There was a bit of movement after the second taste test. Some of the initially lower placed belacan moving up in ranking after toasting. This proves that toasting belacan really makes a difference to its flavour, adding depth, dimension and an additional richness.
|1||Amy Heritage Cuisine||Cheong Kim Chuan Premium|
|2||Belacan Muara||Belacan Muara|
|3||Cheong Kim Chuan Premium||Amy Heritage Cuisine|
|4||Yahya B Osman||Cheong Kim Chuan|
|5||Chop Prawn and Globe||Yahya B Osman|
|6||ABC Terasi Udang*||ABC Terasi Udang*|
|7||Cheong Kim Chuan||Chop Prawn and Globe|
|8||Sing Long||Sing Long|
|9||Chin Lean Trading||Chin Lean Trading|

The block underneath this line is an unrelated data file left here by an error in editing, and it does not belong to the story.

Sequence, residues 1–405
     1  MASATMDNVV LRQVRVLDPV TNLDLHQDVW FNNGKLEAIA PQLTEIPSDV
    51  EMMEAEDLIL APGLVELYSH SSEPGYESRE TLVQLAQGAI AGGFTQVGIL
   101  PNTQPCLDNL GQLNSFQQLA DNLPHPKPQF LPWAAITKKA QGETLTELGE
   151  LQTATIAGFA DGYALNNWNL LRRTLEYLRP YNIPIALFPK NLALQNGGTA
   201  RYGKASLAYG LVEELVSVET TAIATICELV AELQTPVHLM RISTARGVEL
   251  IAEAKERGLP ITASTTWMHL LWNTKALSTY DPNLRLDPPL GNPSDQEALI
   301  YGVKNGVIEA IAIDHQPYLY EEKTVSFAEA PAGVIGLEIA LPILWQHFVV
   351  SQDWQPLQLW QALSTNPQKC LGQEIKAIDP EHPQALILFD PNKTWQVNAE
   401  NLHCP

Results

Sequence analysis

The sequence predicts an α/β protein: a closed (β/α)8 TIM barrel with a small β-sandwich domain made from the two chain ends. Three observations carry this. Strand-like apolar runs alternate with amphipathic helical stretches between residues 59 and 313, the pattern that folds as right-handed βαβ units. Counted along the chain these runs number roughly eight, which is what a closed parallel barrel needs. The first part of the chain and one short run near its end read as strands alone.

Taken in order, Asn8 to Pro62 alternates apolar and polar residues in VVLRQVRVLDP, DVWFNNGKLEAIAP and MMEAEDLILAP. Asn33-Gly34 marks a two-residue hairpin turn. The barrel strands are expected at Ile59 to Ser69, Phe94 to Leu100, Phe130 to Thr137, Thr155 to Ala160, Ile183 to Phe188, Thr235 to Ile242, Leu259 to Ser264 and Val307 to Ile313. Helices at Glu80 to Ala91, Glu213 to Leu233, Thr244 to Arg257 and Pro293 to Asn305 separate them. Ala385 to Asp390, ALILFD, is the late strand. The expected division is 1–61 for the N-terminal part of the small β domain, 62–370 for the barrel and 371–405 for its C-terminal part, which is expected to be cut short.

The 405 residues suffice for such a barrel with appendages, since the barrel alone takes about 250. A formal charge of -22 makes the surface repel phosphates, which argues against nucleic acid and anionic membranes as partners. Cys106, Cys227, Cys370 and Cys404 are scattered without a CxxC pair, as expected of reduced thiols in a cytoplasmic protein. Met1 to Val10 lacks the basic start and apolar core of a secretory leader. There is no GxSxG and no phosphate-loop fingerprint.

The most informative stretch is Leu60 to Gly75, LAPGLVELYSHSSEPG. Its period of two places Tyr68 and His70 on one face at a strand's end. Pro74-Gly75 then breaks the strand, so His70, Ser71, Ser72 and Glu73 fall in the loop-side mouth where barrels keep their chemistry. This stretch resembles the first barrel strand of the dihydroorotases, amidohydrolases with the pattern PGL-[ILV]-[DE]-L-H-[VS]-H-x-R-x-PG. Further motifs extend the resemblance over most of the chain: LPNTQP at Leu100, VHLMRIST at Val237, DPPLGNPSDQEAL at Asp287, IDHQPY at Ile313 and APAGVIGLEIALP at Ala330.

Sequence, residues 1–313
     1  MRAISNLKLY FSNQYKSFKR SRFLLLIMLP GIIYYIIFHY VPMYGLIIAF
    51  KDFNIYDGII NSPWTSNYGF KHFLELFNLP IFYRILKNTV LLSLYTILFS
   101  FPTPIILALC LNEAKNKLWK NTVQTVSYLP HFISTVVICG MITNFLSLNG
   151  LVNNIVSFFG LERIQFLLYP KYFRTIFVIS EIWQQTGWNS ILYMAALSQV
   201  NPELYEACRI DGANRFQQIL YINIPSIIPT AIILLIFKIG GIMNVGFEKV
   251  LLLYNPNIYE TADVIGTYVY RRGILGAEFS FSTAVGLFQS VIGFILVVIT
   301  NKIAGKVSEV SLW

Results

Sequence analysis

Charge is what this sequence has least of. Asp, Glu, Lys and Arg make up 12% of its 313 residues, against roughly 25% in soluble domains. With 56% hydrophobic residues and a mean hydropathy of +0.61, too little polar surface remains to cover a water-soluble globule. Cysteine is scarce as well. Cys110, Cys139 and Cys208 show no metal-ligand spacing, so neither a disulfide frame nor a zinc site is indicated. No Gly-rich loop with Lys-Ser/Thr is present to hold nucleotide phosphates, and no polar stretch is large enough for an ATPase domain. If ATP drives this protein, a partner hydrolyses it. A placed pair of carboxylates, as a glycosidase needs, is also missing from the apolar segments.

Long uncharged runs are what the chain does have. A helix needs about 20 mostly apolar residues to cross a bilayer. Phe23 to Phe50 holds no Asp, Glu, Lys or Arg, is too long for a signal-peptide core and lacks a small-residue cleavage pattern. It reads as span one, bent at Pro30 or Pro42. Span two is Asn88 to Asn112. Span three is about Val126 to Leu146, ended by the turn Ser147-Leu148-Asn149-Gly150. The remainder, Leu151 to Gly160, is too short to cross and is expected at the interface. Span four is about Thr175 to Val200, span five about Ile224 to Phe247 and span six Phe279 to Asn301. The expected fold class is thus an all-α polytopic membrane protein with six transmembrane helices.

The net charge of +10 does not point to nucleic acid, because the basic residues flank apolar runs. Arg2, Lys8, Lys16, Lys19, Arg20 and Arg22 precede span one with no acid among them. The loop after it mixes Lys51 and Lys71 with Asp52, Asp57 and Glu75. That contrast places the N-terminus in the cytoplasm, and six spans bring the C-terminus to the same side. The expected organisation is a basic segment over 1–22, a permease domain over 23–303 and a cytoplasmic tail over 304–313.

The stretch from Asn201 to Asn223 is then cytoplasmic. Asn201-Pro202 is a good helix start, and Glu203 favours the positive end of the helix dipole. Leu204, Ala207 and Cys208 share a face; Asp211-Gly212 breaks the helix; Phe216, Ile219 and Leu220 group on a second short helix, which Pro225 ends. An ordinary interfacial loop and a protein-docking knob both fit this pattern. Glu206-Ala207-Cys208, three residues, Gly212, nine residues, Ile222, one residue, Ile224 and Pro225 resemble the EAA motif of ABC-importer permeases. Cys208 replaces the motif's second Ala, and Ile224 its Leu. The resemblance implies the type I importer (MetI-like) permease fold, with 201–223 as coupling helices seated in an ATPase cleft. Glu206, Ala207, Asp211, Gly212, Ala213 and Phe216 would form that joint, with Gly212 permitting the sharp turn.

* the only non-Malaysian made belacan tested
We cooled down after with Intan’s homemade jelly to discuss the finer points of belacan. We wanted to know whether better belacan would have an effect on the overall flavour of sambal belacan. Another of Malaysia’s dishes popularly made with the agak-agak technique, Nik broke down the essential components of a standard sambal belacan so we could determine the exact measurements and recreate a solid version of Malaysia’s favourite spicy condiment.
Five core ingredients were determined:
- Fresh red chilies
- Acid (typically lime, vinegar or tamarind)
Red vs Green chilies
As we faced the ingredients laid out on the kitchen island, Nik issued his first cooking science question. He wanted to know why use red chilies instead of green ones? Besides green chilies being used to make sambal hijau, Intan insisted there was a difference in flavour between red and green chilies. Nik was not convinced and challenged Intan to a blind test to see if she could distinguish the difference between the two chilies.